Well, I thought – “How did they change the situation in WPF?” I have heard that WPF has the super-awesome-cool data binding capabilities. And I looked at how I can implement my task using WPF. I was impressed. ListView control in WPF supports data binding as any other control. To bind the collection of business object to list view control you just need to ensure that the collection class implements INotifyCollectionChanged interface in order to reflect the changes in the collection immediately and INotifyPropertyChanged interface in order to reflect the changes in the object properties values. .NET 3.5 provides ObservableCollection<(Of <(T>)>) Class which implements both of interfaces. The code to bind the data to ListView is pretty straightforward. Say I have the following business objects class:

To create the collection that is bound to ListView control I use the following code:

And to bind this collection to list view I use the following code:

That’s all! Looks very cool, doesn’t it?

After I tried this, the new question came to my mind. I didn't find the obvious solution for them.
  • How to hide the column headers for WPF list view controls?
  • How to highlight the list view item when the mouse is over it?
  • How to set the background for the selected item?
  • How to disable the columns resizing capability?
Well, I will try to figure it out and write about any interesting:)

Thursday, December 4, 2008

VS.NET 2010 - the illusion of the built-in TDD support.

TDD means Test Driven Development. Every person involved in the software development used it or at least heard about that. VS.NET 2010 "what's new" documentation has the "TDD support" item in the list of the new features. What would it mean? How did they make the support of software development philosophy in IDE? I tried to figure it out and was totally disappointed...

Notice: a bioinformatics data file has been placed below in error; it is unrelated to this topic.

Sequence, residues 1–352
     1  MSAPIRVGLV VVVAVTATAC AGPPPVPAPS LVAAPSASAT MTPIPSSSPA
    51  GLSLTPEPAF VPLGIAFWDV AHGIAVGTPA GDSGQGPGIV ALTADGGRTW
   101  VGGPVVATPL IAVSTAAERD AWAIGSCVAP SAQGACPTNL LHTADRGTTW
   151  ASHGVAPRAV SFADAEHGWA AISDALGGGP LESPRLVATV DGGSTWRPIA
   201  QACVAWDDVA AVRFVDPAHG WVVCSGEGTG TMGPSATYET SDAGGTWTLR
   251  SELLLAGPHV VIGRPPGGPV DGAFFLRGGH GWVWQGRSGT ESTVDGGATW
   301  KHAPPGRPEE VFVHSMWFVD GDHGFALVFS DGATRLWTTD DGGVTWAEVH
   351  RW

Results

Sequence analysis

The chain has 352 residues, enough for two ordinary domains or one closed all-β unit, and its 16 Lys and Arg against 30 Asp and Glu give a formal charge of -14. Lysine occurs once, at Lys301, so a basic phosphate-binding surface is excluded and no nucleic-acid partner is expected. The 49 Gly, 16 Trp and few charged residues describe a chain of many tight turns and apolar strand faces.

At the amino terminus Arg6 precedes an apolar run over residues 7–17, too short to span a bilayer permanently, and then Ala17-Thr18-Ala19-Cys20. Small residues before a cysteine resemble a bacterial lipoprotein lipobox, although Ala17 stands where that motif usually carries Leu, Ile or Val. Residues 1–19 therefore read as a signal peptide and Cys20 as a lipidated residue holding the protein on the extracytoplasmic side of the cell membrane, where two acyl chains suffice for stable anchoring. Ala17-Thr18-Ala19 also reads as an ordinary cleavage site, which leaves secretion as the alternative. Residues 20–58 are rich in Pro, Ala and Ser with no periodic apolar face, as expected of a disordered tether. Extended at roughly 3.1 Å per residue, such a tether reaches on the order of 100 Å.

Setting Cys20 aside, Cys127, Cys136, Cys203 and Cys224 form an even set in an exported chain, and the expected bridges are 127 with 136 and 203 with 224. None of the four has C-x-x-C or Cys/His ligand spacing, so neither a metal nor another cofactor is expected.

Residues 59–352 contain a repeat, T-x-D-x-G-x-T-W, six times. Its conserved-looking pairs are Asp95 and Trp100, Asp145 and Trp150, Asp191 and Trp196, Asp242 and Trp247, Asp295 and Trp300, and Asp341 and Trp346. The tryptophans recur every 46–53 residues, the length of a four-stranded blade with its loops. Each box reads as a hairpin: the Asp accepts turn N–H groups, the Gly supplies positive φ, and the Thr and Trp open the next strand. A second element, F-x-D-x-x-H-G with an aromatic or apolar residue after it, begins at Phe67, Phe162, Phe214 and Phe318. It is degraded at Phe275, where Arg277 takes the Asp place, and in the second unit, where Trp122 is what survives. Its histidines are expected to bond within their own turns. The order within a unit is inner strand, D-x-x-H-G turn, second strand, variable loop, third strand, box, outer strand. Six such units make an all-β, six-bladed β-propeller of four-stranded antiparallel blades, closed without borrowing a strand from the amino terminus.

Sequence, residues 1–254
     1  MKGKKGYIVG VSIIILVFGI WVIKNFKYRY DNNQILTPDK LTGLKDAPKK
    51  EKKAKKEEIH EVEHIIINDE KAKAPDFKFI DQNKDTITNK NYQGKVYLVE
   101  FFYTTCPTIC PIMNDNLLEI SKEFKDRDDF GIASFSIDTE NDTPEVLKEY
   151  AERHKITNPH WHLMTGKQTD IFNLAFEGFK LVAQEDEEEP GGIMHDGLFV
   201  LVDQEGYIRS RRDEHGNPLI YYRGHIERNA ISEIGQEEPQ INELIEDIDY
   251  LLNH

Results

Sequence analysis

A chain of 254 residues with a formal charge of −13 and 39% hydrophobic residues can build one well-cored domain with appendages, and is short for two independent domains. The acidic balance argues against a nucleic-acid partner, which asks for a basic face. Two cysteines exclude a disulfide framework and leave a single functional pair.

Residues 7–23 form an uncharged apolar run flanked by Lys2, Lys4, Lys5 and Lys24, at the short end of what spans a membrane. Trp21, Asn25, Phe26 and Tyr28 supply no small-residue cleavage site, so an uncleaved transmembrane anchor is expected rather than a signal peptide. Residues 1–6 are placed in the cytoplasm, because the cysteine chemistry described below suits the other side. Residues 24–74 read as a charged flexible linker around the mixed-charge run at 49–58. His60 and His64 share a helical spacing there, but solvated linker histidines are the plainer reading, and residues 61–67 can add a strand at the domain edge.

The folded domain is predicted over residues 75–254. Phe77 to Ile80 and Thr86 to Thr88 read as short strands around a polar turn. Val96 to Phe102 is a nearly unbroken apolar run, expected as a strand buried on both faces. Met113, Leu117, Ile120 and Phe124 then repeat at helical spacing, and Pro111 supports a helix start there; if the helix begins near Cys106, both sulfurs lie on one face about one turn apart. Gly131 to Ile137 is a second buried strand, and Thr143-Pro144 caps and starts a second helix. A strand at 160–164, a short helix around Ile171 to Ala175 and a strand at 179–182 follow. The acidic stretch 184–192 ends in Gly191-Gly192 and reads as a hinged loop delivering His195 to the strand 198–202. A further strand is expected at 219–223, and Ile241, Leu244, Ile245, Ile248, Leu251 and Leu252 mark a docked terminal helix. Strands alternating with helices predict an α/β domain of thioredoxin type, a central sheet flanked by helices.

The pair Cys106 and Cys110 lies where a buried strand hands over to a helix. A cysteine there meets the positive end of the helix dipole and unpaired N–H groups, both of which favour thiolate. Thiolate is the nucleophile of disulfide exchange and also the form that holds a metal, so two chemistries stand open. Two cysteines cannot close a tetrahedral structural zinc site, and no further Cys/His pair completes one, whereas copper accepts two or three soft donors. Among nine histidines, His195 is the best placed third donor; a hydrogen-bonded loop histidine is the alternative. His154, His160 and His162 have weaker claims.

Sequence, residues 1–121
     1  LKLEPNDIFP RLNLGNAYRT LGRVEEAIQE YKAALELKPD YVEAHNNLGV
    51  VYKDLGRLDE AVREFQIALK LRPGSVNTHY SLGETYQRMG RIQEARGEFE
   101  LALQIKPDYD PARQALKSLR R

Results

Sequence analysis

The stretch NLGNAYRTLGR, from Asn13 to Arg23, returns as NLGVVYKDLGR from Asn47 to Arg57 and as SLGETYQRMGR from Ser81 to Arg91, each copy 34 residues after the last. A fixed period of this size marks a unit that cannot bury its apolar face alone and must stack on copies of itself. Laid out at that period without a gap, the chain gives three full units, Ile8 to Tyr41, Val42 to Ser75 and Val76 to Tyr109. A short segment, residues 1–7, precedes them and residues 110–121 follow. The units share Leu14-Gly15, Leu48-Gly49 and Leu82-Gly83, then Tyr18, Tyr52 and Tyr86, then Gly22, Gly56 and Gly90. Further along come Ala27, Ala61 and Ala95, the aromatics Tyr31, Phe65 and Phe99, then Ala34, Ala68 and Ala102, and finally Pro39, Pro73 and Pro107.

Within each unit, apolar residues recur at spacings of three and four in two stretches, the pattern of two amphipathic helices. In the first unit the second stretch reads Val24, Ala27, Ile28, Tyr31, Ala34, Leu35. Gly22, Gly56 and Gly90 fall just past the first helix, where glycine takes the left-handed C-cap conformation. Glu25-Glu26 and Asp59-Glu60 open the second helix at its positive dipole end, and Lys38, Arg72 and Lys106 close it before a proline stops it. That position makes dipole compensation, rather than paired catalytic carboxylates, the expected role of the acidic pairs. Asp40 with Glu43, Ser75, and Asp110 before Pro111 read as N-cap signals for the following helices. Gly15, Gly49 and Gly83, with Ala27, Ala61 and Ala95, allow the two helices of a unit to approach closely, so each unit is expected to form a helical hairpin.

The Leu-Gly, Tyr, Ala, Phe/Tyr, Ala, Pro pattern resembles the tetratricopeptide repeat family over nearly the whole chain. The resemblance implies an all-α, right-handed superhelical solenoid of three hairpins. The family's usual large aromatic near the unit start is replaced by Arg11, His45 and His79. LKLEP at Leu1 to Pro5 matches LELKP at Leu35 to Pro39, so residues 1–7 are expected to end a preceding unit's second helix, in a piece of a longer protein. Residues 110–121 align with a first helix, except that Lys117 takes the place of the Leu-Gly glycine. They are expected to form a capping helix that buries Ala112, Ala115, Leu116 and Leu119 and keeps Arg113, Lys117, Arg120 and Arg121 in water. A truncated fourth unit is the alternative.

Well, there is the new Project Template in VS.NET 2010. It is called "Test Project" and it's description is "The project that contains the test":) In reality this is the Class Library Project that has the reference to the new MS assembly that contains classic "TestFixture", "Test" attributes, assertion methods and so on. Also, the newly created project contains the class with the test methods and text file with the brief description of TDD concept.
So, once you start the development keeping TDD in mind you should start with writing the new test. The test typically consists of creating the new instance of some type, invoking this type methods and compare the real results of something with the expected result. You write the code that creates the new instance of non-existing type. Visual Studio IDE reports about the error. You click on the smart tag near the code that creates the instance of the non-existing type and IDE creates the new type for you. Then you can run the tests, see if they fail, fix the code, run the tests again and so on.
So, what actually MS did for "TDD support"?
  • They created VS.NET add-in that allows to automatically create the new classes, methods, properties, indexers and so on by clicking on the smart tags near the piece of the code. Frankly, it can be done for a couple of days by every programmer who intimate with VS add-in development.
  • They created the new assembly that actually copies NUnut.Framework assembly. Yeah, I bet no one will want to re-write tons of unit tests created using NUnit or MBUnit using this new library.
  • They added the tools that allow to run the unit tests that created using the MS unit tests library.(Resharper has the tools that allow to run NUnit tests from IDE:))
  • They added the new Project Template which is actually not new.
  • They called all these stuff "built-in TDD support".
And I am ready to hear the words like "TDD makes your business flow easier and VS.NET 2010 has the TDD support!" in MS sessions.
So, what is conclusion? The conclusion is - MS developed the pretty simple and useless feature, packed it to the nice wrappers and called it "TDD support!"
Everyone knows what would be result if pack the useless feature to the nice wrappers.

Sunday, November 30, 2008

VS.NET 2010 - Call Hierarchy

Every day I use the splendid VS.NET add-in called ReSharper in the development routine. This tool greatly reduces the amount of efforts that are needed to find the syntax errors in the code, refactor the code, search various entities of the code, etc. etc. I don't realize how I can code without using ReSharper.